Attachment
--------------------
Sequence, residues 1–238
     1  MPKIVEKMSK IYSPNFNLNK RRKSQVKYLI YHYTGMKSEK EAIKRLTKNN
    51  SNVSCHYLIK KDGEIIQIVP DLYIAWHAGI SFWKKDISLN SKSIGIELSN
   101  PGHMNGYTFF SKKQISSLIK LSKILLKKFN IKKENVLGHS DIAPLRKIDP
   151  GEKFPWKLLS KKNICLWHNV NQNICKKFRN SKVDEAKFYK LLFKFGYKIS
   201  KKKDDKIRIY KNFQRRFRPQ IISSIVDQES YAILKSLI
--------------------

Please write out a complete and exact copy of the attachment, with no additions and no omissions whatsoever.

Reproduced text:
Sequence, residues 1–238
     1  MPKIVEKMSK IYSPNFNLNK RRKSQVKYLI YHYTGMKSEK EAIKRLTKNN
    51  SNVSCHYLIK KDGEIIQIVP DLYIAWHAGI SFWKKDISLN SKSIGIELSN
   101  PGHMNGYTFF SKKQISSLIK LSKILLKKFN IKKENVLGHS DIAPLRKIDP
   151  GEKFPWKLLS KKNICLWHNV NQNICKKFRN SKVDEAKFYK LLFKFGYKIS
   201  KKKDDKIRIY KNFQRRFRPQ IISSIVDQES YAILKSLI